Although she knows that "in such a complex issue there are no "magic' formulas" (Message for the World Day of Peace, 1 January 2001, n. 13), the Church is not limited to repeating the fundamental ethical principle that "immigrants must always be treated with the respect due to the dignity of every human person" (ibid.), but mobilizes all her resources to meet their needs in the best way possible. Indeed, the Churches and other Catholic institutions are frequently a major place to gather, where they can celebrate their feasts, keep alive their national identity; where they can find effective support, perhaps their only support, in defending their rights or resolving unbearable situations.

However, the action that takes place in the countries of destination must be accompanied by careful attention to this problem in the country of origin of the immigrants; it is here that they conceive most of their plans. The causes that drive so many people to leave their country must be combatted, and when the phenomenon cannot be avoided entirely, it is essential to prevent every kind of illegality, corruption or ruthless crime that so often ensnare immigrants in a brutal, modern slave trade. On the other hand, Ecuadoreans who live abroad should not feel forgotten by their country. Sometimes, in simple ways, it can attend to them and serve them in a way that keeps alive their patriotism and legitimate pride in their origins.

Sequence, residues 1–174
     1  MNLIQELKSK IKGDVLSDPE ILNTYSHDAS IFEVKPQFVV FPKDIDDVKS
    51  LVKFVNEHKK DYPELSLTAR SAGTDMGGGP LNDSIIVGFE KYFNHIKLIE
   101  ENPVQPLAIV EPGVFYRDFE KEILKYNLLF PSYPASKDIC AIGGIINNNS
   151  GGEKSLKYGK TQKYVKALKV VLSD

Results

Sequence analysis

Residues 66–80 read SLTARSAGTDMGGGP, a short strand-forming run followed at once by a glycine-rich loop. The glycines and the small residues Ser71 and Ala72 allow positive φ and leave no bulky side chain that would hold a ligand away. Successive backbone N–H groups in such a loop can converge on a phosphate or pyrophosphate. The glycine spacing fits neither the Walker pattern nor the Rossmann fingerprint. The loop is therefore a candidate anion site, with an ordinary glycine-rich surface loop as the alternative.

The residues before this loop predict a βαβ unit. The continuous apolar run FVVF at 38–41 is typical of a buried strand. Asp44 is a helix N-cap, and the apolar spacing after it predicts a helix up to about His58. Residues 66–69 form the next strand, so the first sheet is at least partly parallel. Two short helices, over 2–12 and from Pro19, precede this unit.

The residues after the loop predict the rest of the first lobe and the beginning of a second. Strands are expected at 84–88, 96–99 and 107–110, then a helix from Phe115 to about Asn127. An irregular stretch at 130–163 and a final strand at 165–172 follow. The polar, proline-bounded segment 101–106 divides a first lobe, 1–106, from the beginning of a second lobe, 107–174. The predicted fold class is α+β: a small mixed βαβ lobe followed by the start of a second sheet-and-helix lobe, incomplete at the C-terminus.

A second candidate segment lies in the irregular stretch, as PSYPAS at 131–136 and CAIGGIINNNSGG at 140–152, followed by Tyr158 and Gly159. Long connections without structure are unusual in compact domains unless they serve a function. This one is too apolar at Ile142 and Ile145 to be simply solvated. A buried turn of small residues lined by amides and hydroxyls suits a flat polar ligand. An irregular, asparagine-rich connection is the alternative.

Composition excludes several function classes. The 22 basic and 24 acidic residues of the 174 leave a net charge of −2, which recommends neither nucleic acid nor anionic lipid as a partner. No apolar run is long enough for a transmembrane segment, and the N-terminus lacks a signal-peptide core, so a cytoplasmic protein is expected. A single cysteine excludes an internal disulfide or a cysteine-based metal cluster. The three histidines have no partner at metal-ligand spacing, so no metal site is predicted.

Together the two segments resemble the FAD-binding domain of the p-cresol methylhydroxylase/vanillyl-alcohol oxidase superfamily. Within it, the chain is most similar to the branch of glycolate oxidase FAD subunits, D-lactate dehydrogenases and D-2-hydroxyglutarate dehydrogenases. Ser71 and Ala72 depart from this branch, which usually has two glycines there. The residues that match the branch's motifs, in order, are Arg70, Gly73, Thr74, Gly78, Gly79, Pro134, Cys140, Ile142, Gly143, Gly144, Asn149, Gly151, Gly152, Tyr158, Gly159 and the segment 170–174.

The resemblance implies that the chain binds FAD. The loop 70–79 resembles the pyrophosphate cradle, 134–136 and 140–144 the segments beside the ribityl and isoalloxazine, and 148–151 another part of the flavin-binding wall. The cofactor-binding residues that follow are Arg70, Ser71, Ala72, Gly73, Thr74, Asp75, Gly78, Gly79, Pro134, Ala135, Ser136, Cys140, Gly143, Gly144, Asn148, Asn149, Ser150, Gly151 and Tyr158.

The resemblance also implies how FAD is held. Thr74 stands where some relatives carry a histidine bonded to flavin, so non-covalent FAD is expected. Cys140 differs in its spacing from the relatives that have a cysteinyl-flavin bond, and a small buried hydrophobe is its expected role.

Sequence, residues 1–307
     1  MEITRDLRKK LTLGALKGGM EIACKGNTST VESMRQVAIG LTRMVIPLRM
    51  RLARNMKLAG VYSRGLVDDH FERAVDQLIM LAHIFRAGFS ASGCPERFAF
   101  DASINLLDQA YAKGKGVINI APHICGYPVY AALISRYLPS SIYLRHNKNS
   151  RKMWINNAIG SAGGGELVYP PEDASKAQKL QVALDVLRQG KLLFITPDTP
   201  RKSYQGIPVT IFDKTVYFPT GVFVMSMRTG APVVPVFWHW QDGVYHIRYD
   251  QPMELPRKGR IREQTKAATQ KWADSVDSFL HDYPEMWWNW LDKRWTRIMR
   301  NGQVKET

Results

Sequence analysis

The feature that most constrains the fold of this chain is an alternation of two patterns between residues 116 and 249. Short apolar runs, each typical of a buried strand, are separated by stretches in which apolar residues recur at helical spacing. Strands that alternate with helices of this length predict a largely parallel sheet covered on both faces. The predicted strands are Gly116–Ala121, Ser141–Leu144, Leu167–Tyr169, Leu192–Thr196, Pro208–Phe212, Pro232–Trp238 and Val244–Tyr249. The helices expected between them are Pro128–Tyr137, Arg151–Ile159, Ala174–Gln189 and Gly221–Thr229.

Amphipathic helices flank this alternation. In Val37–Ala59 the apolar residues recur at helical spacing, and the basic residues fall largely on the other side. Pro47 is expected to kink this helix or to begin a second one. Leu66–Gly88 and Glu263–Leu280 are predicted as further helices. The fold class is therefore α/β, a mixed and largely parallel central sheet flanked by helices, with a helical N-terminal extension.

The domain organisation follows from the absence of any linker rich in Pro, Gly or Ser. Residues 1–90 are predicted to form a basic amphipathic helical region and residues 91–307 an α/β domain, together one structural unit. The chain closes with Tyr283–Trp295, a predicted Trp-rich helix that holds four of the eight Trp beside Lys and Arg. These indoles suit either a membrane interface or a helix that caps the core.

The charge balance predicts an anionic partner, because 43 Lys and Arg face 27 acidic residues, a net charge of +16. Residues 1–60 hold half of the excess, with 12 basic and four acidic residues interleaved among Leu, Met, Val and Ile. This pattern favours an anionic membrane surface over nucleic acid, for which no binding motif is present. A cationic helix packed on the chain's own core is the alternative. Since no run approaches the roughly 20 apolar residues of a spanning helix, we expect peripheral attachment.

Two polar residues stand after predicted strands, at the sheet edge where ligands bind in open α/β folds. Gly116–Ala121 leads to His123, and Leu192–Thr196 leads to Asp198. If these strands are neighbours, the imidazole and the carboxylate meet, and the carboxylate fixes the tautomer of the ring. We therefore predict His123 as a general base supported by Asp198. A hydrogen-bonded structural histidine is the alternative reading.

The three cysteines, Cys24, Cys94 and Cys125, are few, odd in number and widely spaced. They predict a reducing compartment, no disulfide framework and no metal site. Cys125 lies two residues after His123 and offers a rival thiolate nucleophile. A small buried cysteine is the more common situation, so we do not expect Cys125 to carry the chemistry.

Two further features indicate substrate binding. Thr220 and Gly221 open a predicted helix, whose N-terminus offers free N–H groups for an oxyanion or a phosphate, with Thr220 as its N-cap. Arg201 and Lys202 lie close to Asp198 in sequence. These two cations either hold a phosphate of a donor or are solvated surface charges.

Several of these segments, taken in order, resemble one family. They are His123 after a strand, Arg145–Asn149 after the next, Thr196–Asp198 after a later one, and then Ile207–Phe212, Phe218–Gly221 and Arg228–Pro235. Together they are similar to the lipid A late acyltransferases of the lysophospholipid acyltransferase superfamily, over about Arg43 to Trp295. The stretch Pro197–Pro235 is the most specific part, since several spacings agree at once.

6. The recent initiatives to encourage dialogue between the State authorities and different ethnic groups, to improve understanding and to achieve a broader participation in the life and resources of the nation are a sign of hope that must endure. By continuing in this, Ecuador will succeed in becoming an example and promoter of coexistence and peace among the Andean countries.

Even when dialogue can seem to be a slow and difficult way, it is still the best way to solve serious internal and external problems and to obtain the positive results for the good of the Ecuadorean people. Dialogue cultivates the noblest and most profound dimensions of the human being, such as the power of reason and truth; it fosters understanding, encourages an appreciation of the values of others and inspires attitudes of harmony, solidarity and collaboration. For this reason, its results tend to be more permanent and its constant practice is a source of enrichment to all.

7. Mr Ambassador, I am sure that, as was true in the past, the Church in Ecuador will continue to offer her positive contribution to the process of reinforcing the unity between the varied sectors of civil society with the spirit of peaceful coexistence and solidarity among all, that will help consolidate the political and civil institutions that look after the common good of the nation.

Mr Ambassador, I welcome you once again, and I beg Almighty God to bless you and your staff as you carry out your important mission, as I entrust the beloved Ecuadorean people to the heavenly protection of Our Lady of the Presentation of Quinché.


*L'Osservatore Romano. Weekly edition in English n.13 p.10.


 

Copyright 2002 - Libreria Editrice Vaticana